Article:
The phase module 600 is shown in a top view so that one pole element leg 604 is situated on top of the phase module back iron 601. The pole element back irons 603 of the pole elements 602 are situated in alternating fashion on the right and left side next to the phase module back iron.
A phase module winding 606 extends in a meandering fashion around the pole element back irons 603 along the phase module back iron 601. The phase module winding 606 is delimited in one direction by the pole element legs 604 and is delimited in the opposite direction by the phase module back iron 601. The meandering arrangement provides the phase module winding 606 with a larger amount of space than would be available to a phase module extending in a straight line.
When assembling a transverse flux machine according to the invention, preferably the phase modules are first provided with the pole elements on the outside of the machine and then with the phase module winding. Then, the completed phase modules are grouped into the desired sequence, i.e. grouped or alternating, and are inserted into the transverse flux machine housing in the desired arrangement, i.e. with an angular offset, for example. This produces a transverse flux machine that is easy to assemble and provides a high force density with a simultaneously low torque ripple.
All of the phase modules or phase module windings that are provided for connection to the same electrical phase constitute the so-called phase winding. If the transverse flux machine is provided for connection to a three-phase current, then it has three phase windings, each of which can include a plurality of phase module windings. All of the phase windings together constitute the coil arrangement of the transverse flux machine.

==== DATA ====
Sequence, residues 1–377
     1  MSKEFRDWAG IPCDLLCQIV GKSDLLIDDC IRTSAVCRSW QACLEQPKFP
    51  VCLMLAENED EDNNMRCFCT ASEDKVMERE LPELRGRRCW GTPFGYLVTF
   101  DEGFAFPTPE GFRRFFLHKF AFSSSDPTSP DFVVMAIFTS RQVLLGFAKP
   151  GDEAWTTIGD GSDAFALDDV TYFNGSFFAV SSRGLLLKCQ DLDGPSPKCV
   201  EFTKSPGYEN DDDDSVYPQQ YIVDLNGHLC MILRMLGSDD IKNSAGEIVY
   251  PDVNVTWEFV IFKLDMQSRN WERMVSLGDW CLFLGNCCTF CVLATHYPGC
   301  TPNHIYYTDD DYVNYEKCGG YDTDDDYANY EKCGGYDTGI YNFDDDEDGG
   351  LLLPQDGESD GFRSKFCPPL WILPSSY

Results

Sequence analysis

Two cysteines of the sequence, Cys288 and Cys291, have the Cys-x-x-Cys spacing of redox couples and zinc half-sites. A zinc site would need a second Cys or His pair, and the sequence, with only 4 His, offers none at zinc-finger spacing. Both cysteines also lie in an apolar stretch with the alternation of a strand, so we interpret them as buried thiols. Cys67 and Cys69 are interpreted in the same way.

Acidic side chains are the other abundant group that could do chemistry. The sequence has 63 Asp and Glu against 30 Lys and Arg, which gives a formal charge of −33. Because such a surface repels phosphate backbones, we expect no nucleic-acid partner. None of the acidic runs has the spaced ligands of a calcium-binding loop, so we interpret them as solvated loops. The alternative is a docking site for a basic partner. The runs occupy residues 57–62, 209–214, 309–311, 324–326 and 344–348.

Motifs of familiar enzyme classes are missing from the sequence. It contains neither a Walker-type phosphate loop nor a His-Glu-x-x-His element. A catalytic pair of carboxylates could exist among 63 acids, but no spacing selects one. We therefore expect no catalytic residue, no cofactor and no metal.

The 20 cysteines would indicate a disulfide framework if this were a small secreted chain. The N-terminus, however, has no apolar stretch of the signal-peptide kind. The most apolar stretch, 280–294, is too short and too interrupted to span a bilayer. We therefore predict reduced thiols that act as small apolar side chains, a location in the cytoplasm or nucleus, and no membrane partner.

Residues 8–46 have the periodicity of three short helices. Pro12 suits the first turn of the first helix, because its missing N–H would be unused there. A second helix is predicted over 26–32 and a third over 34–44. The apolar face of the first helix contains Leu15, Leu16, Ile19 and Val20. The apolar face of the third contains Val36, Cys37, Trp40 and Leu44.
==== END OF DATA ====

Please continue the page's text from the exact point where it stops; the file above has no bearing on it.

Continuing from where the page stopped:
- REFERENCE NUMERALS
Naturally, only particularly preferred embodiments of the invention are shown in the drawings. Any other embodiment, in particular in the form of a linear machine, etc., is conceivable without going beyond the scope of this invention.
- 100 phase module
- 102 pole element
- 103 pole element back iron
- 104 pole element leg
- 105 pole element pair
- 202 pole element
- 204 pole element leg
- 205 pole element leg
- 300 rotor
- 301 rotor body
- 302 outside
- 303 permanent magnet arrangement
- 304 permanent magnet
- 400 rotor
- 401 rotor body
- 404 permanent magnet
- 410 rotor
- 411 rotor body
- 414 permanent magnet
- 501 pole element
- 502 phase module back iron
- 503 recess
- 600 phase module
- 601 phase module back iron
- 602 pole element
- 603 pole element back iron
- 604 pole element leg
- 605 pole element pair
- 606 phase module winding
- A rotation axis